South Asians have a complicated relationship with traditions, across generations. Some of our age-old customs feel oppressive and patriarchal to us, but they also bring the comfort of the familiar. Many of us saw our families celebrating the traditions that we no longer find acceptable in their old form. It’s an internal conflict that millennials and Gen Z-ers have to bear, especially during the festive season and weddings. One such part of north Indian tradition is Karwa Chauth, one of the festivals that attracts the most commentary and controversy every year.
So, in the interest of balance and avoiding another year of conflict, we gave Karwa Chauth a modern, feminist twist. If you’re at odds with yourself about the festival but still crave the sense of comfort that comes with it, here’s a new way to make Karwa Chauth your own and finally feel at peace with your 21st century ideals.
1. Cook together!
Instead of the wife fasting or the couple fasting together, create a meal together! No one needs to fast and be miserable in the name of tradition. Replace the discomfort with something you both will cherish and enjoy. And let’s face it, no matter how much rom-coms sell this fantasy to us, the reality of married life is all about chores, jobs, exhaustion, and asking each other what to do about dinner in an endless loop. It’ll be nice to have a day devoid of this monotony.
2. Download health apps on each other’s phones and monitor the other’s progress
I think we can all agree that the one certain way of ensuring your spouse’s long life is to keep them healthy. And the modern, millennial way to do that is to download health apps. Whether it’s intermittent fasting, a steps tracker, or an app to remind them to drink water regularly, you’ll find what you need if you look hard enough. But don’t use this as an excuse to spend all day on your phone, which brings us to our next point.
3. Spend the day with each other instead of lost in your devices
Another reality of married life is staring into phones and nodding wordlessly at half sentences. So, break the loop on this day. Use Karwa Chauth as a reason to spend time away from your phones and with each other. And this year, it’s on a Sunday! So, dress up and take selfies, but post them the next day.
Related: 5 Karwa Chauth Gifts That Cost Nothing And Will Make Your Wife Very Happy
4. Don’t meet relatives if all they’re going to do is nag you about not fasting
Mental peace over all else! If your relatives are going to curse you for ruining their traditions and hence being the cause of global destruction, it’s best to stay away till they get it. You might have to make excuses this year or maybe even the next, but eventually, they’ll understand your new ways if they truly love you. If they don’t, it’s probably best that you maintain a respectable distance from them anyway.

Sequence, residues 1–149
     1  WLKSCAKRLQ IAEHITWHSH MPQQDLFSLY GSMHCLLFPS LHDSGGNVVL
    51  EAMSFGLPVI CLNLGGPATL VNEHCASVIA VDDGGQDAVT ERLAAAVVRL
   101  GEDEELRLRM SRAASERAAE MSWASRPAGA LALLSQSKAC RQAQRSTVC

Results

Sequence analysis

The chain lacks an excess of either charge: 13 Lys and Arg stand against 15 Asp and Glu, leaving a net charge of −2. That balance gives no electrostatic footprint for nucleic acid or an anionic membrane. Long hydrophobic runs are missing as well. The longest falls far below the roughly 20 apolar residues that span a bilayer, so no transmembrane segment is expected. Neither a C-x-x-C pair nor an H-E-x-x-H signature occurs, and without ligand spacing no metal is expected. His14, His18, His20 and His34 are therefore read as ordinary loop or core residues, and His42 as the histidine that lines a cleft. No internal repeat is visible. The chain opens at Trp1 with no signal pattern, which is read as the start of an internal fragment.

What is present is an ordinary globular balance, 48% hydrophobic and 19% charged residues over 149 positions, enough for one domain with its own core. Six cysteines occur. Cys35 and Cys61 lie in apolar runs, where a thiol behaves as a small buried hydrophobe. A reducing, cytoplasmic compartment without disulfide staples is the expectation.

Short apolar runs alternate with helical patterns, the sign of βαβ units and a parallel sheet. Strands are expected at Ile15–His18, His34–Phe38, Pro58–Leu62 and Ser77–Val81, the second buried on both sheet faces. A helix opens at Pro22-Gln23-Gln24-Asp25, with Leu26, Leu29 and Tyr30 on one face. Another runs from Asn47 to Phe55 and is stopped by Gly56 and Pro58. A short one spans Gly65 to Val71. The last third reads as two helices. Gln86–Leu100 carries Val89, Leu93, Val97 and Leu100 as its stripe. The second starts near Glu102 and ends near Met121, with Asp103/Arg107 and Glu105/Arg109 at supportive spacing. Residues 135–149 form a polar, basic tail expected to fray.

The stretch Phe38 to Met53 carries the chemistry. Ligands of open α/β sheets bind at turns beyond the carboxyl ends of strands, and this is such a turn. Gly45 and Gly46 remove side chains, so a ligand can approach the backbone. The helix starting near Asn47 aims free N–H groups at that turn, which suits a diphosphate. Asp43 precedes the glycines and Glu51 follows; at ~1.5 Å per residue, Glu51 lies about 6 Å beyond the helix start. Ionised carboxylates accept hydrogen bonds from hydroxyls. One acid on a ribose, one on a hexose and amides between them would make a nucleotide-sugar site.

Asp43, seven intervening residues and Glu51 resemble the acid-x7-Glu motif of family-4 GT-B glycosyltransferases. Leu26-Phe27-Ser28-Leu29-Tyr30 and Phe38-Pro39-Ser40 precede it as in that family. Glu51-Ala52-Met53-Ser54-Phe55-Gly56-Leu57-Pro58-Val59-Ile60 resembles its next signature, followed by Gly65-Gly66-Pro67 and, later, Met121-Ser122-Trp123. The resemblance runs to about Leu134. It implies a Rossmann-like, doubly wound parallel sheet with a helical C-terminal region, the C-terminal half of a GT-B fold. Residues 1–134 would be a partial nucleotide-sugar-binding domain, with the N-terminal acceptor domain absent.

5. Buy a couple of plants and take care of them together
If that sounds too intimidating, start with one plant. Buy something that doesn’t need too much attention because neither of you will enjoy it then. But watching something grow that you both contribute towards is surprisingly joyful, even if it’s a regular old money plant.
6. Revamp one area of your house to make it a no-fight zone
Use the weekend of Karwa Chauth to do a bit of DIY. Choose one neutral space in your house and designate it as a no-fight zone. This way, there will be one space in your house that won’t ever be marred by an ugly argument. This will also be a happy memory for when the next year rolls around without a single disagreement in the no-fight zone.
Use the day to just talk to each other, no matter where the conversation goes. Keep it flowing and you may be able to tackle some deep, long-unresolved issues, both collective and individual. Take breaks, of course, but make Karwa Chauth the day of communication.
Make this festival a day to appreciate your spouse instead of dreading the ordeal of fasting and bowing down to patriarchal traditions. Reclaim your festivals and make sure they bring you joy and not the feeling of crumbling under pressure. After all, the festive season is supposed to be all about happiness.
Related: Gender Equality And Karwa Chauth In The 21st Century: Can They Truly Co-Exist?
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